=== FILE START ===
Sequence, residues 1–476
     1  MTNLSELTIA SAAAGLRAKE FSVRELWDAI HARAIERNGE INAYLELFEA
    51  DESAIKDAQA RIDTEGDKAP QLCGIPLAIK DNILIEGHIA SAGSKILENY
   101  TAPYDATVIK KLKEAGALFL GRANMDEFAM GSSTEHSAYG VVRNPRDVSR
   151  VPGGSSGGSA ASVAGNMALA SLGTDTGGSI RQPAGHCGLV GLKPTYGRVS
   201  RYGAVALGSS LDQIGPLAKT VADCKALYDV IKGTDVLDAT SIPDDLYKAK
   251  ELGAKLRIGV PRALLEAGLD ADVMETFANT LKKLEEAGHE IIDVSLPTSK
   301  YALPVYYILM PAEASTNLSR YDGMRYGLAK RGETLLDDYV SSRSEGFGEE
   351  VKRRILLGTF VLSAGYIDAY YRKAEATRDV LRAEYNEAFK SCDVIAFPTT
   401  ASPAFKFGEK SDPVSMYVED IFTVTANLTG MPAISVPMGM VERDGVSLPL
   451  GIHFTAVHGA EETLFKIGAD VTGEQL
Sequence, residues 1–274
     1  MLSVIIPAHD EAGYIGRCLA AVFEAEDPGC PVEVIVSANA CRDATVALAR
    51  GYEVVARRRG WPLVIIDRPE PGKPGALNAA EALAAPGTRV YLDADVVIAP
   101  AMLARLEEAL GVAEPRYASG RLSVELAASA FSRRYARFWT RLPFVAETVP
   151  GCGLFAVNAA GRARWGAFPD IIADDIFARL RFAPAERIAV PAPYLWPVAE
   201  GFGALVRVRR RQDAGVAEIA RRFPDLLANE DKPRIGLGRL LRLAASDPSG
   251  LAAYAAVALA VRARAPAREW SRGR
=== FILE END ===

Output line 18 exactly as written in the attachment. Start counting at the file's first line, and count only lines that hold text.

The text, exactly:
   251  LAAYAAVALA VRARAPAREW SRGR